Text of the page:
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Are The Chicago Bulls Planning Something Big This Summer?

USA Today Sports

USA Today Sports

What if I told you four players with a combined -0.1 Win Shares during the 2013-14 season have the chance to change the power structure in the NBA?

No, this isn’t the lead-up to an awful 30 for 30 parody, it’s a reality occurring right now in Chicago. The four players in question are Louis Amundson, Mike James, Ronnie Brewer and Erik Murphy. If you’ve been following the Chicago Bulls transactions as late, there’s been some head-scratching moves made over the recent weeks. It’s not that any of the aforementioned players are bad enough to make you wonder what the hell John Paxson and Gar Forman are doing, it’s the frequency at which these players are being acquired.

Sure, you could chalk it up to head coach Tom Thibodeau wanting some more depth going into the NBA playoffs, but I want you to remember who we’re talking about it. It’s Tom freaking Thibodeau, Lou Amundson isn’t touching the floor. God willing, Mike James isn’t getting a second of rub.

What’s at work here is something much larger. As Chicago Tribune reporter KC Johnson eluded to late last week, the foundation is being laid for the Chicago Bulls to pursue a big-money trade in the offseason.

The dominoes started to fall on April 3 when the Bulls waived 2013 second round selection Erik Murphy. The 23-year-old only played 62 total minutes for the Bulls and showed little to no signs of being anything more than bench depth. The move to waive him seemed justified but also a bit of a head-scratcher. Murphy to many including SBNation’s Mark Deeks, seemed like a good option to stay with the Bulls the rest of the season because of his tremendous value:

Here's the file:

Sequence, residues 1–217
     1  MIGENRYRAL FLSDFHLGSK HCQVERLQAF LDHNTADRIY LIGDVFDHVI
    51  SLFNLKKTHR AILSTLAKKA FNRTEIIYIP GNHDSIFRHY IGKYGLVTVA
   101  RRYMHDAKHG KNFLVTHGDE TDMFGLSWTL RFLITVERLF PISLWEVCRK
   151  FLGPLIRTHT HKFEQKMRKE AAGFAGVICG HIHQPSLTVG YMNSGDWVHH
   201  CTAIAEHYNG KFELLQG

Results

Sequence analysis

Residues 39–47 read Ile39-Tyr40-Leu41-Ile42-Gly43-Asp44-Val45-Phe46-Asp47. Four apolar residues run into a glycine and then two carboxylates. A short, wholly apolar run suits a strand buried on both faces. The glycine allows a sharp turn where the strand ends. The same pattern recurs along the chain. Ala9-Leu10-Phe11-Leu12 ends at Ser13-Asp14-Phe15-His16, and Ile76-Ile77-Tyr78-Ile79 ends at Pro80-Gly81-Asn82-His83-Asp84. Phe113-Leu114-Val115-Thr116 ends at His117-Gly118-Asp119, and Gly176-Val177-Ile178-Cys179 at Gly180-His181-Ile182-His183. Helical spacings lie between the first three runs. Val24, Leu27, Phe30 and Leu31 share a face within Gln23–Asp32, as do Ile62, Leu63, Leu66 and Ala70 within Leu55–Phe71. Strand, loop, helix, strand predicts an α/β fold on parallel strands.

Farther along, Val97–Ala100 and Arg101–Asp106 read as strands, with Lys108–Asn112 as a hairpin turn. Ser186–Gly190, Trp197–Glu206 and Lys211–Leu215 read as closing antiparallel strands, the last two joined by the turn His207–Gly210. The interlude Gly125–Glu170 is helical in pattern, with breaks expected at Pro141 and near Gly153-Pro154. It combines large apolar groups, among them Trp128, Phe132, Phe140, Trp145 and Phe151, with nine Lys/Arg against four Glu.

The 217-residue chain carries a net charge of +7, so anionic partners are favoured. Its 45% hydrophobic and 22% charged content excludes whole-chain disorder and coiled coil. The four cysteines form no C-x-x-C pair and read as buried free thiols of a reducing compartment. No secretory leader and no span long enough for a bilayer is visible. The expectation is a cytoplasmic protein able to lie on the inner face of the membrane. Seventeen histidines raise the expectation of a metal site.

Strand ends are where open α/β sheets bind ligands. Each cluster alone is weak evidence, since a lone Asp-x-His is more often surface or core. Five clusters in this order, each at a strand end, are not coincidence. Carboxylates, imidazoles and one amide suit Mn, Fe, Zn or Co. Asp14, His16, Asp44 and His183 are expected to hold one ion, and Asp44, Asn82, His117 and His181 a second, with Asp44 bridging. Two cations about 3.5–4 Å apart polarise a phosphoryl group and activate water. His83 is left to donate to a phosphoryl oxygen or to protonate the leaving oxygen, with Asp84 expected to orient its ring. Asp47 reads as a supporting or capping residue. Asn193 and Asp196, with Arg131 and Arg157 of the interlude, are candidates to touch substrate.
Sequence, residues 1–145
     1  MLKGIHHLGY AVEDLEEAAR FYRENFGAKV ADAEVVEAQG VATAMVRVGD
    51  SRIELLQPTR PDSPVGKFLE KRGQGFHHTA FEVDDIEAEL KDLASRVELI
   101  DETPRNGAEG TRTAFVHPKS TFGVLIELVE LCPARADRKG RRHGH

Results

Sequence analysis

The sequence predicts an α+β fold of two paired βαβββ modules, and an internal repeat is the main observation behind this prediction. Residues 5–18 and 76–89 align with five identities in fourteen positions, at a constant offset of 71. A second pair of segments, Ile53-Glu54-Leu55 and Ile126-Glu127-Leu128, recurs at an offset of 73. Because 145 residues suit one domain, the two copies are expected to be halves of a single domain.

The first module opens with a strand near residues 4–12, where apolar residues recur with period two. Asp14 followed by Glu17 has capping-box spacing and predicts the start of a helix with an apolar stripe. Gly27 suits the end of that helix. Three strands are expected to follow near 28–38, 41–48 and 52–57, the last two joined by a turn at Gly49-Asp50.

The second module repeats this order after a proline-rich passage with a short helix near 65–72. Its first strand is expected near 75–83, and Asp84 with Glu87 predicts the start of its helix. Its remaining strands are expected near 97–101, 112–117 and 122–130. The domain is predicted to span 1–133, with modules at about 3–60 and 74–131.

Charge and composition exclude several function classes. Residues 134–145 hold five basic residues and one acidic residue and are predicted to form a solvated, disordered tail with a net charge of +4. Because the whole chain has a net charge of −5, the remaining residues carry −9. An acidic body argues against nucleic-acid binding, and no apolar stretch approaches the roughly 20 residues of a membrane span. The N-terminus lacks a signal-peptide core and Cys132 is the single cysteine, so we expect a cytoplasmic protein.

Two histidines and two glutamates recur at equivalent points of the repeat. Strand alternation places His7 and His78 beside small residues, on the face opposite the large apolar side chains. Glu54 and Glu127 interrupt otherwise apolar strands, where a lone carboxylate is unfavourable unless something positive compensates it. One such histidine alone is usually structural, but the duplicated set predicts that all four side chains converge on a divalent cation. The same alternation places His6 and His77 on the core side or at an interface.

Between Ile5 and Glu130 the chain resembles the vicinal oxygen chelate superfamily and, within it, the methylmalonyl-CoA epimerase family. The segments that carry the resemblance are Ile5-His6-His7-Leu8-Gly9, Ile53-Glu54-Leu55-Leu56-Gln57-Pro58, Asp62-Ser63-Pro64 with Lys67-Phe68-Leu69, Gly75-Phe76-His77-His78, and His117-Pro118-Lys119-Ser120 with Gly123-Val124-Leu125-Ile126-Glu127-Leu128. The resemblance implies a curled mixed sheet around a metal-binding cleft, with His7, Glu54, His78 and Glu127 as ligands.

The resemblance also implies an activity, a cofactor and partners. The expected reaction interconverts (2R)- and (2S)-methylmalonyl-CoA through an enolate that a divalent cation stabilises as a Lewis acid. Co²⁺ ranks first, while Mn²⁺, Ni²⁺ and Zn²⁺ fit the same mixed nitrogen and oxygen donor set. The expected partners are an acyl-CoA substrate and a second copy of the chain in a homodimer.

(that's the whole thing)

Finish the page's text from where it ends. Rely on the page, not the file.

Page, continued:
If you’re faced with the choice between a fringe NBA veteran getting a roster spot, or your second-round pick, then any luxury tax concerns the team may have will play a factor in the decision. For example, Erik Murphy with Chicago has only a $250,000 guarantee on his $490,180 salary this season, yet he is surely extremely likely to survive the whole season, as a replacement player (whom the Bulls would likely have to sign just to meet the minimum roster size) will cost about double that.

So when the Bulls waived Murphy it seemed quite odd, what was at play here? It’s not as if anyone they would sign off the scrap heap would find a way into Thibs rotation. Suddenly, it all started to make sense. The Utah Jazz inexplicably claimed Murphy off of waivers.

As Doug Thonus of Chicago Bulls Confidential wrote, it seemed all too much like a favor returned. A favor done some years ago when the Bulls signed Carlos Boozer to a free agent deal but eventually agreed to terms with the Utah Jazz on a sign and trade.

This didn’t get Boozer more money as the original terms stayed the same, nor did it get the Bulls more assets. The only practical outcome of the deal was that a giant traded palyer exception was created for the Jazz